Having a baboon in your house can be a startling experience, but it is important to know that the baboon is only looking for food and does not wish to harm you. Conflict can arise however if the baboon feels threatened or cornered.
The baboon may feel trapped and is likely to find your arrival stressful. By keeping calm, with no sudden movements, you are less likely to incite a negative interaction. Trapped animals can be unpredictable, chaotic movement and loud noises can exacerbate their fear. The calmer you are, the calmer the baboon will be.
AVOID EYE CONTACT
Staring can be seen as a threat.
DO NOT TRY TO TAKE ANYTHING AWAY FROM A BABOON
If the baboon picked something up other than food, it will inspect it and eventually drop it. Confronting the baboon to retrieve something could cause an aggressive response or cause the baboon to flee with your item.
DO NOT ATTEMPT TO LURE THE BABOON OUT OF YOUR PROPERTY USING FOOD
Apart from being illegal, this will only teach a baboon that humans are a direct source of food, thus emboldening their behaviour around humans.
KEEP PETS AWAY
Whenever possible, place pets in another room where they cannot interact with the baboon. Never set a dog on a baboon as this can lead to serious injury for both the baboon and dog.
PROVIDE AS MANY EXIT ROUTES AS POSSIBLE
Identify the nearest exit and ensure that you are not blocking it. If possible, without cornering or
getting too close to the baboon, open more windows and doors to provide multiple escape routes.
The baboon is then less likely to panic or react aggressively.
ENCOURAGE THE BABOON TO LEAVE
Habituated baboons are more challenging to move along.
Methods that you can try are:
• Clapping your hands
• Banging two pots together
• Spraying the baboon with water
IMPORTANT: Ensure that you do not corner the baboon, get too close to them, or block their exit
during this process.
IS IT NECESSARY TO PROVIDE ADDITONAL FOOD IN THE NATURAL AREAS FOR BABOONS?
This question is frequently asked by residents concerned that baboons visit urban areas because they do not have enough food in the natural areas. The Cape Peninsula baboon troops have access to natural food throughout their ranging areas and at this stage there is no evidence to suggest that they require supplemental feeding. There is significant evidence however to show that baboons are drawn to town because of high calorie human-derived food rewards present there.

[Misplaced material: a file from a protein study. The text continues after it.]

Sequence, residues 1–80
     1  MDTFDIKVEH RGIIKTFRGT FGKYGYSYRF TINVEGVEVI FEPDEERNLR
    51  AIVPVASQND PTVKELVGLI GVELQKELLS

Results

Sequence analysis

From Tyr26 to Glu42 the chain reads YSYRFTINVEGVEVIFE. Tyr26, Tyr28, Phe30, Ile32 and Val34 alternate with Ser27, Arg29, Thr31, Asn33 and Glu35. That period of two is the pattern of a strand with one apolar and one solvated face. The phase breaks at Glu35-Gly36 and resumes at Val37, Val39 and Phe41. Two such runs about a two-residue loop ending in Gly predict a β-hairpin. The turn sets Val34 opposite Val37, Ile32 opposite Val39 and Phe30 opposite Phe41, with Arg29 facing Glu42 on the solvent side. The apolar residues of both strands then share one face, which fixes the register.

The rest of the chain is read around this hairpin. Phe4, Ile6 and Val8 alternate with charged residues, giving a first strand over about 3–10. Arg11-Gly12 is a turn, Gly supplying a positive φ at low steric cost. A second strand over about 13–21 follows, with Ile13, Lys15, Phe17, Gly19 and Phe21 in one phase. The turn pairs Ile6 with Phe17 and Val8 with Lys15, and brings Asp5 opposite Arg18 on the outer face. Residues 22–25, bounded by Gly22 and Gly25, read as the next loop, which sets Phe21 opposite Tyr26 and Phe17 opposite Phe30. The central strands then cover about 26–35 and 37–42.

DIMINISHED ROLE IN THE ECOSYSTEM
Locally baboons serve as the only large-bodied seed disperser and play a vital role in the survival of our fynbos. In the absence of their ecological services (as a result of a shifted focus on supplementary feeding), the fynbos is likely to suffer. “In order to reduce conflict between people and baboons, we need to focus on removing their access to humanderived foods from houses and bins. This will encourage baboons to spend more time foraging naturally in the fynbos and fulfilling their ecological role.”
INCREASED INTRATROOP AGGRESSION
Supplementary feeding impacts baboon social behaviour. Rates of aggression amongst troop members increase in response to calorie rich foods in concentrated areas. Baboons have a very strict hierarchy which dictates troop feeding behaviour. Feeding stations are thus not only likely to feed a few of the top-ranking baboons but also cause an elevated level of aggression and increased rates of injury amongst troop members.
INCREASED BIRTH RATE
Provisioned baboons have more offspring in their lifetime than natural feeding baboons. Females with access to high calorie foods reach sexual maturity sooner, wean their infants faster and become pregnant again in a shorter period of time . Disrupting the natural population balance by contributing to a baboon population increase, particularly in an area of human-baboon tension, is not in the best interest of baboons or residents.